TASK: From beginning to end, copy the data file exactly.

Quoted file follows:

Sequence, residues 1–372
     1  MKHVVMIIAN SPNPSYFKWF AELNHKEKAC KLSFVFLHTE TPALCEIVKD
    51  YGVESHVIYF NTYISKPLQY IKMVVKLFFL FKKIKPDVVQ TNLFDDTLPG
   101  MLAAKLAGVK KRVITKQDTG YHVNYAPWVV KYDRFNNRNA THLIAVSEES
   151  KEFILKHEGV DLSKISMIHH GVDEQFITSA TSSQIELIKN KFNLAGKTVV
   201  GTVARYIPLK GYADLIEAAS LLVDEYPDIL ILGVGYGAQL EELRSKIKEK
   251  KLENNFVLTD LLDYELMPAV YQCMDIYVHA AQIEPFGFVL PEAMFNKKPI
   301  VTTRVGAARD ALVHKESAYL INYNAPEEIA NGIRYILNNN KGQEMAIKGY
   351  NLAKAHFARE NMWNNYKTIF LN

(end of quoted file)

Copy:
Sequence, residues 1–372
     1  MKHVVMIIAN SPNPSYFKWF AELNHKEKAC KLSFVFLHTE TPALCEIVKD
    51  YGVESHVIYF NTYISKPLQY IKMVVKLFFL FKKIKPDVVQ TNLFDDTLPG
   101  MLAAKLAGVK KRVITKQDTG YHVNYAPWVV KYDRFNNRNA THLIAVSEES
   151  KEFILKHEGV DLSKISMIHH GVDEQFITSA TSSQIELIKN KFNLAGKTVV
   201  GTVARYIPLK GYADLIEAAS LLVDEYPDIL ILGVGYGAQL EELRSKIKEK
   251  KLENNFVLTD LLDYELMPAV YQCMDIYVHA AQIEPFGFVL PEAMFNKKPI
   301  VTTRVGAARD ALVHKESAYL INYNAPEEIA NGIRYILNNN KGQEMAIKGY
   351  NLAKAHFARE NMWNNYKTIF LN